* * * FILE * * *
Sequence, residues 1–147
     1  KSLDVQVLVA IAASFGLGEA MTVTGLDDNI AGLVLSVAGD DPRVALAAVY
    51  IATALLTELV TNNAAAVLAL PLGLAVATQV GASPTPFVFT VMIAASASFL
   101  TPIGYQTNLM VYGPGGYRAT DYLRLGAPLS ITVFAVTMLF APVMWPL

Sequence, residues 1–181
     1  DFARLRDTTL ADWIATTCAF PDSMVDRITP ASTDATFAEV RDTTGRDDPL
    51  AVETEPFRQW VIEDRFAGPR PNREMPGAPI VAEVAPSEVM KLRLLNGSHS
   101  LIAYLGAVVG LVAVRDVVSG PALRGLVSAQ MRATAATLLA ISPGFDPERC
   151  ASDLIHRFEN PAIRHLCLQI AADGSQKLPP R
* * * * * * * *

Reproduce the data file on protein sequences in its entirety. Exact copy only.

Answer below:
Sequence, residues 1–147
     1  KSLDVQVLVA IAASFGLGEA MTVTGLDDNI AGLVLSVAGD DPRVALAAVY
    51  IATALLTELV TNNAAAVLAL PLGLAVATQV GASPTPFVFT VMIAASASFL
   101  TPIGYQTNLM VYGPGGYRAT DYLRLGAPLS ITVFAVTMLF APVMWPL

Sequence, residues 1–181
     1  DFARLRDTTL ADWIATTCAF PDSMVDRITP ASTDATFAEV RDTTGRDDPL
    51  AVETEPFRQW VIEDRFAGPR PNREMPGAPI VAEVAPSEVM KLRLLNGSHS
   101  LIAYLGAVVG LVAVRDVVSG PALRGLVSAQ MRATAATLLA ISPGFDPERC
   151  ASDLIHRFEN PAIRHLCLQI AADGSQKLPP R